Deputy Prime Minister Nick Clegg found himself under fire over impending cuts to education and other public spending when he appeared at the annual Liberal Democrat Party conference being held in Liverpool.
Trade union activist and Lib Dem candidate Linda Jack said: “So many of these cuts are going to disproportionately affect the poorest. All our youth policy, I don’t see it in the coalition agreement.”
Mr Clegg insisted education was of high importance at the question and answer session inside the Echo Arena and BT Convention Centre on Sunday. “We are working incredibly hard to introduce a progressive way of funding higher education and further education,” he said.
With the Government's comprehensive spending review due to be announced next month, Mr Clegg reassured his supporters over the cuts and the country’s debt: “It is not a magic wand solution, there are other things we need to do. It is a huge progressive step forward, of which we should be proud.”
The Lib Dems arrived for their annual autumn conference on
Saturday, the first since a coalition government with Conservatives
formed after a hung parliament result at the General Election in May.
Liverpool-born Baroness Walmsley of West Derby opened the
conference calling for the party to “unite” over the next five days. She
told Lib Dem supporters she was “chuffed” the conference was
being held in her home town.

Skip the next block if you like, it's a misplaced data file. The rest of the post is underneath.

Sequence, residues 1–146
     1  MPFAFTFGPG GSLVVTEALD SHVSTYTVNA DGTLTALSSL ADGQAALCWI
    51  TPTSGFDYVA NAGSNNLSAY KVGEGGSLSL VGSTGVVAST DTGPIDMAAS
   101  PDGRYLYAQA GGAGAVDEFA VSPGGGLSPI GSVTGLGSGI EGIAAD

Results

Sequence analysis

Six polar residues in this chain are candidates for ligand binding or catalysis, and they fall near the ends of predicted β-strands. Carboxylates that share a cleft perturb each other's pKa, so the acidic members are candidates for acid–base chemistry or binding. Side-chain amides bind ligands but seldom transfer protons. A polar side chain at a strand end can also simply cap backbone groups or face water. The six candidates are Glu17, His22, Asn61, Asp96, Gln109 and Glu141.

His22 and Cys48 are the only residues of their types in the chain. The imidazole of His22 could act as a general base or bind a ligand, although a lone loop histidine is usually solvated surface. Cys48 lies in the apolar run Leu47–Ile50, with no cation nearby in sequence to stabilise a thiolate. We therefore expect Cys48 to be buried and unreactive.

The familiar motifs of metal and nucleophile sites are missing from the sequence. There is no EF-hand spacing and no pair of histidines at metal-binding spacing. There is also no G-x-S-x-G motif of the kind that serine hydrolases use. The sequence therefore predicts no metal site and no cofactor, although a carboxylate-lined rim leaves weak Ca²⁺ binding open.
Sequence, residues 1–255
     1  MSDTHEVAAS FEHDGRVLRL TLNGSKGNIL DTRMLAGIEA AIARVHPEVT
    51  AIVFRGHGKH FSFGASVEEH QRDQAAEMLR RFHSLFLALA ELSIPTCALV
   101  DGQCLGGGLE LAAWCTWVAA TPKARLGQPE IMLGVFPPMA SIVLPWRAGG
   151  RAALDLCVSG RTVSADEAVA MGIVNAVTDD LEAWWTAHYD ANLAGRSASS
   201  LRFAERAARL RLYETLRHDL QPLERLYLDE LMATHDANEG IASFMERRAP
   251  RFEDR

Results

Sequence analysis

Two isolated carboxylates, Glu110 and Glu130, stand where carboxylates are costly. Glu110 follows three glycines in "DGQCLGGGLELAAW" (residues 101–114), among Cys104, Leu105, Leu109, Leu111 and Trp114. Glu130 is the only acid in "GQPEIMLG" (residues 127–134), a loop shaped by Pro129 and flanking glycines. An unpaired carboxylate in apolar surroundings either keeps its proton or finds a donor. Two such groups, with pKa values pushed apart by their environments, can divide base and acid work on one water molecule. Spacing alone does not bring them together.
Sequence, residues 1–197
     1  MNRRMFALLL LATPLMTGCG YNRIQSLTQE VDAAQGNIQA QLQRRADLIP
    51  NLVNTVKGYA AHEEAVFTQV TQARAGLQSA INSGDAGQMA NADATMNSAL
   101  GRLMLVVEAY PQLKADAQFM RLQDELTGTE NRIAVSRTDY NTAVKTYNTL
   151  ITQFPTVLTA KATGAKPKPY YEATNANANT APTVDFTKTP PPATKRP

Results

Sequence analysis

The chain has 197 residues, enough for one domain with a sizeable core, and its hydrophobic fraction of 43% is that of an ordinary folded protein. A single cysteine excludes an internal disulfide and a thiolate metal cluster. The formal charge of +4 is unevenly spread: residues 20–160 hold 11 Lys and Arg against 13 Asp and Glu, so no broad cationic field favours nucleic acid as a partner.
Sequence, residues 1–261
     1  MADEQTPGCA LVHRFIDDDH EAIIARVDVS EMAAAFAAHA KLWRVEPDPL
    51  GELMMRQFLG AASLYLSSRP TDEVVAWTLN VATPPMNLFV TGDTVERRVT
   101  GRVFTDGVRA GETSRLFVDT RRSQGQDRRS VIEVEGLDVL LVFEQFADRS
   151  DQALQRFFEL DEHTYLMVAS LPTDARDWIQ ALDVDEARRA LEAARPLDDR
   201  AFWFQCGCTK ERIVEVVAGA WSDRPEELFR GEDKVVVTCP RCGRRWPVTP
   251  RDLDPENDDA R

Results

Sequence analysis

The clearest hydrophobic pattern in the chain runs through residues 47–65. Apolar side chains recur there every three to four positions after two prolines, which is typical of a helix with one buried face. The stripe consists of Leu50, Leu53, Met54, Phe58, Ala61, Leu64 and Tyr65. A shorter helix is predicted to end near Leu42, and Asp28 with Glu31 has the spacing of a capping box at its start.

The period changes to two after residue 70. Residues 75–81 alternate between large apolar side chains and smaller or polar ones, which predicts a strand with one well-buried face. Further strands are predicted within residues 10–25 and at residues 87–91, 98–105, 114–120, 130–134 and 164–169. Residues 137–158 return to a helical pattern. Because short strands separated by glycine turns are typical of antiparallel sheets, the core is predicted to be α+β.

Around 6,500 delegates are expected to attend the five-day
conference, including Secretary of State for Business Vince Cable,
whose speech will end the conference on Wednesday.
Nick Clegg told the BBC on Friday that he expected “a rough ride” when he came to Liverpool, a long-time Labour stronghold, though the Lib Dems led Liverpool City Council for 13 years until this May.
Protests took place all over the city on Saturday, but for different causes. The BNP had a stall on Church Street calling for British Armed Forces to be withdrawn from Iraq and Afghanistan. A surprise visit from BNP leader Nick Griffin was met with angry protests from the Merseyside Unite Against Fascism group.
A huge Merseyside Police presence stood guard on the plaza outside the conference centre where protesters gathered opposing job cuts and services being axed, such as in education.
Len McCluskey, Deputy General of Unite, told the Liverpool Echo: “Every man, woman and child will be affected by these cuts. We must build confidence so that we can stand together, public and private, young and old, to resist.”
Around £10million is expected to be put into the local economy from conference visitors to Liverpool.
By Chris Bradley
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Nick Clegg said he expected a "rough ride" when the Lib Dems held their conference at the Echo Arena